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May 2023 - May 2024


Connectivity & Well-Being: An Ethnographic Exploration of Grand Rapids
Arabella Cummings

Jen Lendrum and Arabella CummingsThe purpose of this research is to understand the state of well-being among a more diverse range of individuals living in the city of Grand Rapids. This research explores how structural forces, in particular, public spaces and transportation (access and barriers) contribute to overall well-being and connectivity.  This study also seeks to understand the implications of the pandemic on mental health and overall well-being. A final objective is continuing to explore the complex factors that contribute to poor mental health in Grand Rapids, in particular two key interrelated factors: sense of belonging and authenticity, and social pressures and norms. This research will be conducted primarily through ethnographic methods, uniquely on bicycles.  We will traverse the city on bicycle to explore the infrastructure and connectivity of the city and, through qualitative research methods, seek to answer our core research questions about lived experiences in Grand Rapids, about the city and neighborhoods of Grand Rapids, and about overall well-being.

Faculty Advisor: Dr. Jen Lendrum, Sociology
Funded by: Aquinas College Summer Scholars Program


Neo-Nationalism, Religion, and Authoritarianism: The  Case of Putin’s Russia
Grahm Staib

Grahm Staib and Roger DurhamRussia invaded Ukraine on February 24, 2022. The language and justifications used by Russian President Putin in his speeches and writings are grounded in the long-held “Russian World” doctrine that holds that Ukraine belongs to the greater Russian sphere. This is justified by the argument that Kyiv - being the site of the Baptism of the Rus’ - is foundational to the beginning of Russian Orthodoxy. Thus the war has been justified along ethno-religious lines, suggesting that Putin’s geopolitical goals are in concert with that of Russia’s official church, which seems to be backing the actions of the Putin regime in Ukraine. This research will investigate the historical relationship between the Putin regime and the Russian Orthodox Church as it relates to the war in Ukraine.

Faculty Advisor: Dr. Roger Durham, Political Science
Funded by: Aquinas College Summer Scholars Program


Overcoming Adversity Study 
Diana Rockstad

Diana Rockstad and Julie Schatz-Stevens Current research suggests that exposure to family violence is something that many individuals face. A consistent body of findings also highlight the powerful link between early abuse and psychological, social, emotional, and cognitive development. Our project, the Overcoming Adversity Study, will use a qualitative approach to investigate individuals’ early adverse childhood experiences. We will be conducting 2-3 semi-structured interviews to explore participants' childhood trauma, early parental care-giving, relationships with family, current intimate relationship behaviors and emotional and social adjustment. We intend to analyze the themes that arise from the interview data to better understand how early adverse experiences are perceived and responded to by parents. Additionally, sibling abuse has been identified as the most common form of family violence and is often accepted as normal sibling behaviors. For this reason, we will also be exploring participants' experiences with sibling behaviors, particularly physical and verbal aggression. This study aims to fill a significant gap in the area of family violence to increase awareness, promote prevention of childhood adversity, and facilitate supportive programs for at-risk families and victims of family violence.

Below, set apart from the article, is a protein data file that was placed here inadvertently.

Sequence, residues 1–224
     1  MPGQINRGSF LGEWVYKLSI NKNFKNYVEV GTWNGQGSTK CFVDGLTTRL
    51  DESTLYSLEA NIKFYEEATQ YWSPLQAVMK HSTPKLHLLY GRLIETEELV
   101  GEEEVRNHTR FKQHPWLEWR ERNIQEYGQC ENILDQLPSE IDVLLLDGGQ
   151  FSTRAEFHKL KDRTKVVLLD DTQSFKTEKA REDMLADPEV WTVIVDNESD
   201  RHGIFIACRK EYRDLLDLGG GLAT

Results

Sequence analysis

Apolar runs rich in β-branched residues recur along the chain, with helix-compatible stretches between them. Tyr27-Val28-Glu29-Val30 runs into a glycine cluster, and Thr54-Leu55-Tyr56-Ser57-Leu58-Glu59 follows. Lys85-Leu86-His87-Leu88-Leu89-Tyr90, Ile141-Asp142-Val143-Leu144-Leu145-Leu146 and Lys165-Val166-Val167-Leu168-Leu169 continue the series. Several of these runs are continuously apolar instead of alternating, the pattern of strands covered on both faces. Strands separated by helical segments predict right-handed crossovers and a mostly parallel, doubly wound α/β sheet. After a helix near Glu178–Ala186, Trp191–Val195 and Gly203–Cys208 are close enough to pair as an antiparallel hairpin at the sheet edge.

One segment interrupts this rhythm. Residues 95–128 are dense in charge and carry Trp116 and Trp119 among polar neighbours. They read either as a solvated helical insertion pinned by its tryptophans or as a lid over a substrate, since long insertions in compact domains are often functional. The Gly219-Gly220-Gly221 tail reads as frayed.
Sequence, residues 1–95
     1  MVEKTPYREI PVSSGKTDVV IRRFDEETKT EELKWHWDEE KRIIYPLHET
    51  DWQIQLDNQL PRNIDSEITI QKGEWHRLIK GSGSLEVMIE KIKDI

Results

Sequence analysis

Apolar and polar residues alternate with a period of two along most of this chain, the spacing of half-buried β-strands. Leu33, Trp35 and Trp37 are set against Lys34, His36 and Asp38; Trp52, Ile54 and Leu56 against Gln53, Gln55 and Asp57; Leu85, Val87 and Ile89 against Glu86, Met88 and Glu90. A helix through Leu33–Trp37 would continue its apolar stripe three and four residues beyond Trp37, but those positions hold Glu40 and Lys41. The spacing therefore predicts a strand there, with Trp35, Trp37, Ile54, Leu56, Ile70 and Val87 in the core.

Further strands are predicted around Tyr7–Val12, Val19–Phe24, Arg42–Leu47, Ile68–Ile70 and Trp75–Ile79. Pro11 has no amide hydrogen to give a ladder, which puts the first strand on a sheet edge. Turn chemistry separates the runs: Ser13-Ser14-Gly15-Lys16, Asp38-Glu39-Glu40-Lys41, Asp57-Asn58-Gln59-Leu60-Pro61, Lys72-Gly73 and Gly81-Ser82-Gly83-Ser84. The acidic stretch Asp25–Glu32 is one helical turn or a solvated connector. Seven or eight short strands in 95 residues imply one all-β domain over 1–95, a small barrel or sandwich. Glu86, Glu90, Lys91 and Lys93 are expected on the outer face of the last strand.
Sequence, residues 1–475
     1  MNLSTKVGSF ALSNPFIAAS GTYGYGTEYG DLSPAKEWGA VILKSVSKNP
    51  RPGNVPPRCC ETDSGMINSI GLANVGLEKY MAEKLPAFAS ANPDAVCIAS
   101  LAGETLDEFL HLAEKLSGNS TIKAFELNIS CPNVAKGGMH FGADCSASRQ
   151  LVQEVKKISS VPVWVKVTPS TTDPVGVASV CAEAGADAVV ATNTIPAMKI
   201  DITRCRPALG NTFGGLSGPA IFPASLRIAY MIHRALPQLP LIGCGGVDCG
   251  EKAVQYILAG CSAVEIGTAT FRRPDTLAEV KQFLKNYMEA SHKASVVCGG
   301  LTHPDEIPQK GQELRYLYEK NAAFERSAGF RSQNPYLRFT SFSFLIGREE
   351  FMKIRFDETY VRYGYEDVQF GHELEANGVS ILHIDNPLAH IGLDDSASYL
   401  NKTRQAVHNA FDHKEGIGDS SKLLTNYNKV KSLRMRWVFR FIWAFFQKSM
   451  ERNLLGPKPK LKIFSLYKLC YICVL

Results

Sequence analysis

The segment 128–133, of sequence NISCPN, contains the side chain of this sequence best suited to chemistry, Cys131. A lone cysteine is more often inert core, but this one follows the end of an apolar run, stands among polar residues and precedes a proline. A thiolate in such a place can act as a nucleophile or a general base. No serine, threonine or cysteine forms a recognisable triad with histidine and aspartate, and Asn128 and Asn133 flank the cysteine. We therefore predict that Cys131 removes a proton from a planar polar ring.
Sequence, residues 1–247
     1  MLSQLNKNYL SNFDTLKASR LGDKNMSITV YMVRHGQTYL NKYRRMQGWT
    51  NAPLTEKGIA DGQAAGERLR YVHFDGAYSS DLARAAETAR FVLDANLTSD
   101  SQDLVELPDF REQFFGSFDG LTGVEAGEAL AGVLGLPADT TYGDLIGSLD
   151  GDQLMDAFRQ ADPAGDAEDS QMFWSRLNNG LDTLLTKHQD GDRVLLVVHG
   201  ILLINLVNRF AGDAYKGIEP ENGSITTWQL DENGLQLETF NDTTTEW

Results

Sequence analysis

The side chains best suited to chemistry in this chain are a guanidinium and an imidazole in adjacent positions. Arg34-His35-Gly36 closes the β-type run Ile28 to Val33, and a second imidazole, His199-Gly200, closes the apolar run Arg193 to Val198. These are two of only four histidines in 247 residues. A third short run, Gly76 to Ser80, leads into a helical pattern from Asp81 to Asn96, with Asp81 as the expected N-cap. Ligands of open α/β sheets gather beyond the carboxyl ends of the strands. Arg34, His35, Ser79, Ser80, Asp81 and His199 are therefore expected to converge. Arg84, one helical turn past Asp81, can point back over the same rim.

Faculty Advisor: Dr. Julie Schatz-Stevens 
Funded by: Aquinas College Summer Scholars Program



Efficient Movement with the Mancala Mechanism 
Edin Mehanovic

Joseph Spencer and Edin MehanovicWe will explore various problems involving the Mancala mechanism.  These will include finding bounds for efficient movement of stones and variations on the puzzle Tchoukaillon.

Faculty Advisor: Dr. Joseph Spencer, Mathematics
Funded by: Mohler-Thompson Summer Research Grant


Properties of elliptic Wallace-Simson lines and applications in three dimensions.
Rebecca Beltran

Rebecca Beltran and Michael McDanielAll the elliptic geometry developments done through Mohler-Thompson since 2018 have applications in three dimensions. We plan to model with VR in Blender to create animations to illustrate our ideas. We also plan to develop double and triple integral formulas based on our geometry. 

Faculty Advisor: Dr. Michael McDaniel, Mathematics
Funded by: Mohler-Thompson Summer Research Grant



In the Missiles’ Shadow: The Cuban Experience in the Crisis of 1962
Mary Green

"In the twentieth century, the world underwent numerous changes, with one of the most notable being the invention and development of nuclear weapons. Within this new nuclear age, global superpowers such as the US and the USSR began an arms race which threatened the frail geopolitical stability of the second half of the century. This Cold War period reached its hottest point in October of 1962 when the USSR stationed nuclear missiles on the Caribbean island nation of Cuba, a mere 90 miles from US soil. Our summer research project seeks to understand the events and legacy of the Cuban Missile Crisis from the perspective of the Cuban government and people, therefore supplementing an often under-appreciated and less understood viewpoint of this event. Furthermore, the research will illuminate both the symbol that Cuba was for Latin America in the second half of the twentieth century, as well as the current status quo of nuclear politics and policy. 

Faculty Advisor: Dr. Jason Duncan, History
Funded by: Aquinas College Summer Scholars Program


Molecular interaction in Cnidarian Dinoflagellate Symbiosis 
Ernesto Lopez
Alyssa Detweiler